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Aug 27, 2021 - 5:20:40 AM

phb

Germany

2978 posts since 11/8/2010

I have been having an earworm for a couple of days and it is only a single banjo lick played at the end of a line. I don't have a recording which I could slow down to figure it out, only this memory of something that I must have listened to recently. I don't think it is an invention of mine, it's probably a well-known lick. I tried to figure it out on the banjo just from the sound in my head but that has proven rather difficult. It seems to sound something like this but it is not quite it:

---------------------------------------0-----------------------------------------
---1-p-0----------------------------------------------------------0------------
--------------2--------------------------------------3-p-2---------------0----
----------------------------------------------------------------------------------
-----------------------0---------------------------------------------------------

Boldface marks notes played on the beat. Any ideas? 

Aug 27, 2021 - 6:39:58 AM

Texasbanjo (Moderator)

USA

26392 posts since 8/3/2003

IF the lick is only one bar long and in 4/4 time , then it would be counted as this: 1e & 2 & 3e & 4.

So the beat notes would be the 1po0 then the open 5th, then the the 3p-2 and then the open 3rd string.

This may not be correct as I'd need to hear the lick to be sure of my timing, but just looking at the notes, that's what I get.

Aug 27, 2021 - 7:37:16 AM
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phb

Germany

2978 posts since 11/8/2010

quote:
Originally posted by Texasbanjo

IF the lick is only one bar long and in 4/4 time , then it would be counted as this: 1e & 2 & 3e & 4.

I think the lick starts on the 2nd quarter note of the measure and the open G string is then the 1 of the next measure.

Aug 27, 2021 - 8:35:18 AM

Texasbanjo (Moderator)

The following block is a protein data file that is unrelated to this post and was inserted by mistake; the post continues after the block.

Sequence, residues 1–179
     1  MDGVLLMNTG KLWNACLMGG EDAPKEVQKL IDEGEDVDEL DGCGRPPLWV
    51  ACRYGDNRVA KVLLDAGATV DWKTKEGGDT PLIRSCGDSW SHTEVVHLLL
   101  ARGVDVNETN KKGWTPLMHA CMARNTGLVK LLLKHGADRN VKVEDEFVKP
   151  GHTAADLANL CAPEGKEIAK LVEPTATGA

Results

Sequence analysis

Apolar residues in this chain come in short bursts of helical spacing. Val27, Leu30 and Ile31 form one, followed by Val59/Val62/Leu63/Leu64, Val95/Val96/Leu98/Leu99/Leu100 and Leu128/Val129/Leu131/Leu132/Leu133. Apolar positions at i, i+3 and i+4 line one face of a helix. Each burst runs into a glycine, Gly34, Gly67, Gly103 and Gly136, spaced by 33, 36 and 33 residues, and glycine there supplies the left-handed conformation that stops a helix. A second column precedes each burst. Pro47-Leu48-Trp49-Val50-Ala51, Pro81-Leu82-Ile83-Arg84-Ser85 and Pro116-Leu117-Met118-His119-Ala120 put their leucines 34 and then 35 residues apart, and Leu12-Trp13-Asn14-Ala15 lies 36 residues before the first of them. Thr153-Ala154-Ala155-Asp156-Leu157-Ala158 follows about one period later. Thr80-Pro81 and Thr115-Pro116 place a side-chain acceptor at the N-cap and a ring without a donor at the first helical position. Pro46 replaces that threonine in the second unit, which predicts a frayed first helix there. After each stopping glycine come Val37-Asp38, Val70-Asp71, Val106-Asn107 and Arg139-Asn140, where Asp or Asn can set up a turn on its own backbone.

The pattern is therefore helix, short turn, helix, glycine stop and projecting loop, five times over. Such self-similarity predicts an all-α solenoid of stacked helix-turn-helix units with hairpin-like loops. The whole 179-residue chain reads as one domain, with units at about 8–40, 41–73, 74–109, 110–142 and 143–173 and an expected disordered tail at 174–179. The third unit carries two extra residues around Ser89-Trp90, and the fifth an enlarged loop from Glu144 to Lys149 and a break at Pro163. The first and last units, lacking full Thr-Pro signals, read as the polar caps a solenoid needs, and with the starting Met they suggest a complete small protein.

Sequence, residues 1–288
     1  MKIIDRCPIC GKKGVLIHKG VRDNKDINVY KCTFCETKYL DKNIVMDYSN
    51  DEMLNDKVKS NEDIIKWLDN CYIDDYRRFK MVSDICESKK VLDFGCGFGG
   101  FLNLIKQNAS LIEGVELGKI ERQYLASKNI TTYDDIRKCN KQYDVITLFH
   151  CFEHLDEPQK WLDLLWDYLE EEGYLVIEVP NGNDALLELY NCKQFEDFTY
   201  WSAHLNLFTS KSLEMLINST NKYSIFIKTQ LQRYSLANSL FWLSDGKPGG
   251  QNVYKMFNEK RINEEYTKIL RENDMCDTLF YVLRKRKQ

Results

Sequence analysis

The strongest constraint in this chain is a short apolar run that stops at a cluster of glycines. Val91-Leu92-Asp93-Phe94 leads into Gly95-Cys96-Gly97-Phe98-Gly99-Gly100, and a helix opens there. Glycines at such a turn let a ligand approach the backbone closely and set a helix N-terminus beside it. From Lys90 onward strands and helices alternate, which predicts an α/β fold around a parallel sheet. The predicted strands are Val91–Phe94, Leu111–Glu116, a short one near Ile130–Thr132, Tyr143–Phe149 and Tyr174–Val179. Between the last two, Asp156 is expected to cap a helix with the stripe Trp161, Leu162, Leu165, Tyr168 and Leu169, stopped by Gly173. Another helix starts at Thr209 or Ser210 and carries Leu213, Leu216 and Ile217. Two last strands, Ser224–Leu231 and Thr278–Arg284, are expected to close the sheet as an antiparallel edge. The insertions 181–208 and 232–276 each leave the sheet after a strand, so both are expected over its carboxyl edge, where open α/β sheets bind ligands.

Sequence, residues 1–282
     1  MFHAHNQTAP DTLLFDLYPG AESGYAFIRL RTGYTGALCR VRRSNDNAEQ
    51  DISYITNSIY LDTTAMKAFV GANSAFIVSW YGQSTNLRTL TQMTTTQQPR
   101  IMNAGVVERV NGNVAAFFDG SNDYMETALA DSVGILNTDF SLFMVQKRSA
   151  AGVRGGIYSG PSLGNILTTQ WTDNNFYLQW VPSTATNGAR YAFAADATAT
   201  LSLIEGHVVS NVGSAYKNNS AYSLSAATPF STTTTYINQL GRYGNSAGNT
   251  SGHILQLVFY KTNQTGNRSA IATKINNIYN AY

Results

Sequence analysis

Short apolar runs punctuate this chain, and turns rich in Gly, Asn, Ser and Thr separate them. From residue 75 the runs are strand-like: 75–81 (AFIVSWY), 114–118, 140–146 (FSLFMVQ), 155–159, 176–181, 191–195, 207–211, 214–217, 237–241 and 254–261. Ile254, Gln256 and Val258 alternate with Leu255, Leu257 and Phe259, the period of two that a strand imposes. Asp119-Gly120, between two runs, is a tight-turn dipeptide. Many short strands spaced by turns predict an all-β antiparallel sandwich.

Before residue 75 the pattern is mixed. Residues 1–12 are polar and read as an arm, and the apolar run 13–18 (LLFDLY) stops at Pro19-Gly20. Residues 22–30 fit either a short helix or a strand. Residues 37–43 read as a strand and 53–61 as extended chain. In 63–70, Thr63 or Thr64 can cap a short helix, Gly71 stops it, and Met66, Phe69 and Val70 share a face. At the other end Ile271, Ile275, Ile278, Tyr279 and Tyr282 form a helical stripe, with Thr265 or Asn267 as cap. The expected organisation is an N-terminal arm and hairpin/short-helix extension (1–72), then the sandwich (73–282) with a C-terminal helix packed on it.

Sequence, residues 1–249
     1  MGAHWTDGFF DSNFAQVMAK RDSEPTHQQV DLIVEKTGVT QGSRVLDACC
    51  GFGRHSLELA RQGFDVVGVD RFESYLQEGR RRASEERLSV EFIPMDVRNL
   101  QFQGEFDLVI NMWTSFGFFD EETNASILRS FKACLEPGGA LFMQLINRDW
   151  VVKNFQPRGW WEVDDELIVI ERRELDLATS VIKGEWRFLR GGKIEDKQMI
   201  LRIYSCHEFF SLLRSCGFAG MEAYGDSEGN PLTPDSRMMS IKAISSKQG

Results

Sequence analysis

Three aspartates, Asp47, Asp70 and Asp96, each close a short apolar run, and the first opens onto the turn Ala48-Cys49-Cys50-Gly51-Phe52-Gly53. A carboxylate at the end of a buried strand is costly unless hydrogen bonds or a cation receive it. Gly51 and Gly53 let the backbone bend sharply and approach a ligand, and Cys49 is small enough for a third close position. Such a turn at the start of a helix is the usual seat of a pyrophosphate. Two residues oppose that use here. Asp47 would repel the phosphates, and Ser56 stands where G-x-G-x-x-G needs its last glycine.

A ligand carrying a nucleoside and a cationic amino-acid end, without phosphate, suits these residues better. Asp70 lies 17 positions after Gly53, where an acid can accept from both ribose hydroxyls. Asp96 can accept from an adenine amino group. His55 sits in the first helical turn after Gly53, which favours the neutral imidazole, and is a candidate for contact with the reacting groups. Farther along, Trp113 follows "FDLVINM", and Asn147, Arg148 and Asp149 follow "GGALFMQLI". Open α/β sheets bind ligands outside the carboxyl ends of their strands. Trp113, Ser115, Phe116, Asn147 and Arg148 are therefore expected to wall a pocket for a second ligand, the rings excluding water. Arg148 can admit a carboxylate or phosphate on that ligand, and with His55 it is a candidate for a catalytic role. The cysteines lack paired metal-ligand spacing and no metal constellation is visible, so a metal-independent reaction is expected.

USA

26392 posts since 8/3/2003

I'd just have to hear the lick to be able to know the beat is and how it sounds.

Aug 27, 2021 - 9:30:22 AM

phb

Germany

2978 posts since 11/8/2010

Going through everything I listened to on Sunday while driving back from the "Banjoree", I eventually found it. It seems to be a small snippet from a longer passage (not really a break):

 

Flatt & Scruggs - Don't This Road Look Rough and Rocky
 

The part that stuck with me starts at about 2:04/05 with those fast pull-offs and ends at around 2:07/08. I'll see if I have time to transcribe the whole thing some time soon.

Edited by - phb on 08/27/2021 09:32:32

Aug 27, 2021 - 7:26:04 PM
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12268 posts since 6/2/2008

I don't havebanjo in hand to confirm this, but it sounds like a standard D to G (V to I) lick with the first section working out of the D chord shape. I definitely play the final section starting on the high G note on the count of 2. 

Aug 28, 2021 - 9:08:19 AM
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808 posts since 10/4/2018

It sounds to me like a typical D lick where the pull off is from the 4th fret, 3rd string to the 2nd fret, 3rd string and ending with a g lick.

2   -  e    &         1  &   2- e &  - a    1
----------------0-|---------0----------0-|------------
-p----3----------|------------0---p-----|------------
4-2--------------|0-------------3-2-----|0----------
------------4-----|------------------------|------------
-------------------|----0------------------|------------

Edited by - Good Buddy on 08/28/2021 09:15:23

Aug 28, 2021 - 10:41:23 AM

808 posts since 10/4/2018

I forgot, you have to capo to the first fret to be in tune with F&S.

Aug 28, 2021 - 11:07:24 AM

193 posts since 5/21/2020

quote:
Originally posted by phb

I have been having an earworm for a couple of days and it is only a single banjo lick played at the end of a line. I don't have a recording which I could slow down to figure it out, only this memory of something that I must have listened to recently. I don't think it is an invention of mine, it's probably a well-known lick. I tried to figure it out on the banjo just from the sound in my head but that has proven rather difficult. It seems to sound something like this but it is not quite it:

---------------------------------------0-----------------------------------------
---1-p-0----------------------------------------------------------0------------
--------------2--------------------------------------3-p-2---------------0----